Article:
# YouTube videos about geometric construction

I’ve read repeatedly that one cannot divide a circle into seven equal arcs with just a compass and unmarked straightedge. So why are there several YouTube videos which seem to demonstrate doing so? Inaccurate? Cheating?

Here is one of those videos:

And I note this comment:

Sorry, but this doesn’t seem right. The heptagon is not constructible with compass and straightedge. When you ‘close it’ I don’t think it actually closes. It only looks so because the length of your ‘sides’ is very very close to what it should be (they have length approx. 0.8660 and should have length approx. 0.8678). You can read more about this here:

That’s what I suspected: that’s there’s an almost-correct construction that looks right if your measurements with the compass are imprecise enough.

deleted- nevermind

The geometric construction of a regular heptagon is with a marked ruler. Here is a description:

Well, if it does not have to be exactly regular then yes, you can do it, as has been known for millennia.

Because they got all excited about folks saying that it was impossible, and then didn’t go to the trouble to actually understand what they were doing.

Reminds me of a fellow I heard of second hand who claimed to be able to trisect an angle. He then drew a square, bisected two of the sides, and drew lines from the far vertex to those midpoints. Which, first of all, isn’t a trisection of the right angle, and second, it’s trivially easy to trisect a right angle; the problem requires being able to do it to a general angle.

Oh, and while we’re on the topic, Gauss’s first of many great advances in mathematics was to show that it is possible to construct a regular 17-gon. And also a regular 257-gon, for that matter.

I like practical constructions like this. It’s not a proper solution to the problem, but it would work if you needed to draw a seven-sided figure on a sheet of vellum.

It reminds me of the technique we used to use to draw ellipses for isometric projection back in the stone age when we did our drafting in pencil on vellum on a drafting board.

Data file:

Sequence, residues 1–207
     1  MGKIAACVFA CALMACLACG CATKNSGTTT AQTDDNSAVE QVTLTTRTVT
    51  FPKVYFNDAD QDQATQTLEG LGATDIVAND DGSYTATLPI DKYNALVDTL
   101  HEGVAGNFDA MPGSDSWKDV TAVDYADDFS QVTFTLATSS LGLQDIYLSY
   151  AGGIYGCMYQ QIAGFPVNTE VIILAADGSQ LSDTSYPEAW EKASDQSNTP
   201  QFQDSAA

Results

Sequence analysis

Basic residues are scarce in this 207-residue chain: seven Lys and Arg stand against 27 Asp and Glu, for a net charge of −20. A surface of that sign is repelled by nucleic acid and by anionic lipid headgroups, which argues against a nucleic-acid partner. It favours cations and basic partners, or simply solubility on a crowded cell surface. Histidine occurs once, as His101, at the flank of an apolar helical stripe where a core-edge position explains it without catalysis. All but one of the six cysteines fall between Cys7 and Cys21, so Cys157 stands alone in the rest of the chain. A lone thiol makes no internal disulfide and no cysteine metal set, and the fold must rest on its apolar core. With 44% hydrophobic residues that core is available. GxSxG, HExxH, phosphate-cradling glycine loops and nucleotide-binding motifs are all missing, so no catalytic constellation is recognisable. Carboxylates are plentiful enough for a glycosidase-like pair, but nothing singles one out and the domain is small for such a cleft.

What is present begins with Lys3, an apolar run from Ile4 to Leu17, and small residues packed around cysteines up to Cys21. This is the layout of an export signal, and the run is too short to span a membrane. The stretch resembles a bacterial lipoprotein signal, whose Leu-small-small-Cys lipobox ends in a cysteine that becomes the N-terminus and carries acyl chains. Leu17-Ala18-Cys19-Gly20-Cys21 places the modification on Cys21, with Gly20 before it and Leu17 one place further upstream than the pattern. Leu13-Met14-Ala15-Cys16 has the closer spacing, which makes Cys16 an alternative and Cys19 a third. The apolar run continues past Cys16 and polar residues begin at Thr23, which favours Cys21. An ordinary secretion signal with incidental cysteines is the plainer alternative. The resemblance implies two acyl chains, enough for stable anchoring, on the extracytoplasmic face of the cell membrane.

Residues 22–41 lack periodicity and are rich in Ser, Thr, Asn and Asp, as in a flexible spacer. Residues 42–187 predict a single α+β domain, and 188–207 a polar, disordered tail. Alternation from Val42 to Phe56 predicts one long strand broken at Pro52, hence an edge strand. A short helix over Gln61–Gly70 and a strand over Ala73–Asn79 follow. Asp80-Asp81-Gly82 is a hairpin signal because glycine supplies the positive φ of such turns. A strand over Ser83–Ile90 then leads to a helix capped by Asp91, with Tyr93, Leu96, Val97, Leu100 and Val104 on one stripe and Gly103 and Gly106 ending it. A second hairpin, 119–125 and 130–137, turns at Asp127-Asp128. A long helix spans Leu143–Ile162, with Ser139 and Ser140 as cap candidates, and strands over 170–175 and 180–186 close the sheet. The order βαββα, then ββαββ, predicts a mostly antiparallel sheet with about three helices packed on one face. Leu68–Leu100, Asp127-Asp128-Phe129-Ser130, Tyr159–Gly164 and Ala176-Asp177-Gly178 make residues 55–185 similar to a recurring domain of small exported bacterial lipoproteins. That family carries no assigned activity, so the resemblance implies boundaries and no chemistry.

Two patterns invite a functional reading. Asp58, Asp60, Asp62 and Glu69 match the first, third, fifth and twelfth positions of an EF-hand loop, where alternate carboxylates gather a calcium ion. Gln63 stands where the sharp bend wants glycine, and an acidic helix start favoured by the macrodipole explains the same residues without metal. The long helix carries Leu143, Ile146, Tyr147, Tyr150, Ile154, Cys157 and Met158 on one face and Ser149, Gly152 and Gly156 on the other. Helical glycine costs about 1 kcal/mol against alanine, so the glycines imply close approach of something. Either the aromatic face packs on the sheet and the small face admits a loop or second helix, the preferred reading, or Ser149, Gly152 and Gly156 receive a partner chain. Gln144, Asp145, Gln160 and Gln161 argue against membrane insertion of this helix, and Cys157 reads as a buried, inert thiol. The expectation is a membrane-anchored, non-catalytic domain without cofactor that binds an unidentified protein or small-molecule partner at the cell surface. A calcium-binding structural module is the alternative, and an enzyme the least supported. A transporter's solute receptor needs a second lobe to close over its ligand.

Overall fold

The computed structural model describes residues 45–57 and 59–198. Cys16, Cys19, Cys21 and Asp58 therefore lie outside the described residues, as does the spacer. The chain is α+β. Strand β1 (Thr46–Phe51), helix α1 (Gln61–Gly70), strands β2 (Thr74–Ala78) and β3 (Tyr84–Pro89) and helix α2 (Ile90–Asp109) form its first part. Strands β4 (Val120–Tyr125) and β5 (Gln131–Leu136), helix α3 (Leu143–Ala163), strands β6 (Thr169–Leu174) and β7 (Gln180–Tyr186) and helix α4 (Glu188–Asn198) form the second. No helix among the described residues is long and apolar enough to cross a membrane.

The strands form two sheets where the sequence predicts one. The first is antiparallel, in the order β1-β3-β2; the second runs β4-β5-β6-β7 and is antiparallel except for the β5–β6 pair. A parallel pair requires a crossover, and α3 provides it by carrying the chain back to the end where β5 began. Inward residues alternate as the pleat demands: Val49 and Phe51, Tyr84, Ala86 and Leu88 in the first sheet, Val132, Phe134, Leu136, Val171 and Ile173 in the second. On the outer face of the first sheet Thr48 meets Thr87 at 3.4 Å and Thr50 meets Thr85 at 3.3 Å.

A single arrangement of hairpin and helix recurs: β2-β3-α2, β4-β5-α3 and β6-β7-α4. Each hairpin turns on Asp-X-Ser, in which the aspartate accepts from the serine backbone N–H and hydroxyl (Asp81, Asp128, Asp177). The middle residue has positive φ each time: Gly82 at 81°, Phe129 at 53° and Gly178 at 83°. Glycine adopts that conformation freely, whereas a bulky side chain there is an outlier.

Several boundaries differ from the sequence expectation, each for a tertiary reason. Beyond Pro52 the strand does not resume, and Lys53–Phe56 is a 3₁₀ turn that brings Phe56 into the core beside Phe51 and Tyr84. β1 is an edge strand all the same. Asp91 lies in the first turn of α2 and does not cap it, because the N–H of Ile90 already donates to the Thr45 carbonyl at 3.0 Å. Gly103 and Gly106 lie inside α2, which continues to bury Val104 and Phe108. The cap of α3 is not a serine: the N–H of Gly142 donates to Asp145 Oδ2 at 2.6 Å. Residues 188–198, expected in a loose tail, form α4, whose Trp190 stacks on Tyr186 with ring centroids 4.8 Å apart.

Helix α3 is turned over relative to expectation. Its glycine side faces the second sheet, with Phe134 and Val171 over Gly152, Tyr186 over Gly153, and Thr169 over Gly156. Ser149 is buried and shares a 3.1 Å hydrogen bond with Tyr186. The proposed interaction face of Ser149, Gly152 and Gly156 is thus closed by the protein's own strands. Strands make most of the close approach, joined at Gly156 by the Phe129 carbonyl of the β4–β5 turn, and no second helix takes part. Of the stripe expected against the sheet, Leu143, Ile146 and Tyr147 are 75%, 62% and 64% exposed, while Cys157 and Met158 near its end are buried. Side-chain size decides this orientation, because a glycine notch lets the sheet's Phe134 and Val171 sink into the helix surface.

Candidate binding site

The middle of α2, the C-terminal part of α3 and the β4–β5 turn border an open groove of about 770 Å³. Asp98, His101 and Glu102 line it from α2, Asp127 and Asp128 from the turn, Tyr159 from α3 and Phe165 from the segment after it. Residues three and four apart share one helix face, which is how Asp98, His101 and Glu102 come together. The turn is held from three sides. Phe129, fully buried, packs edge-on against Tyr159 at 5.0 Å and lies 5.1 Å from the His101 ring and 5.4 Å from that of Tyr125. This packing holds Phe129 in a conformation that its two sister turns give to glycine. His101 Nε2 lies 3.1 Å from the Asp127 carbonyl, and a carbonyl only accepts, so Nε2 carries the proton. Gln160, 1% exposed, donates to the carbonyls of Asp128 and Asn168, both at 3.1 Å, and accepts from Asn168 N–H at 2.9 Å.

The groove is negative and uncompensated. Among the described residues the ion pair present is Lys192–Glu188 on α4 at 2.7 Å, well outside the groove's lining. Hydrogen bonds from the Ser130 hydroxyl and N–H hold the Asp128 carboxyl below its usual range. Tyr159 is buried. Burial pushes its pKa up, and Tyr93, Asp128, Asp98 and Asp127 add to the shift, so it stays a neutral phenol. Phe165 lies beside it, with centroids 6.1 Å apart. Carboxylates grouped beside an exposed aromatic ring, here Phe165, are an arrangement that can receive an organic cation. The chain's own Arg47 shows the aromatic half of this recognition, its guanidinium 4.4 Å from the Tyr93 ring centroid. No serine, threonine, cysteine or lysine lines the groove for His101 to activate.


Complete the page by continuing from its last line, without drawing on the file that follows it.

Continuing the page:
Draw construction lines forming an isometric square on the face where the circle needs to go–since this is an isometric projection, the square is going to be an elongated diamond shape. Let’s assume you are drawing the top face: it will look like a wide diamond.

Draw two construction lines from the top point to the centers of the bottom two edges. Draw two construction lines from the bottom point to the centers of the top two edges.

Now draw the left and right sides of the “ellipse”. Place your compass point at the intersection of the right two construction lines and swing an arc from the top edge-centerline point to the bottom edge-centerline point. Repeat, placing the compass point at the intersection of the left two construction lines, swinging an arc on the left side.

Now draw the top and bottom sides of the “ellipse”. Place the compass point at the bottom intersection of the diamond and swing an arc forming the top edge of the ellipse. Then place the compass point at the top point of the diamond and swing an arc forming the bottom edge of the ellipse.

This produces an ellipse-like shape that is good enough for technical drawing, but it is definitely not mathematically accurate. It’s practical.

Eh, if it’s practicality you’re looking for, it seems to me that it’d be a lot easier to use a protractor to construct an angle of 51.429º (or rounded to whatever amount your protractor is capable of).

And for ellipses on a technical drawing, the better solution is to use a trammel, which does give a mathematically-exact ellipse, to within the tolerance of your tools.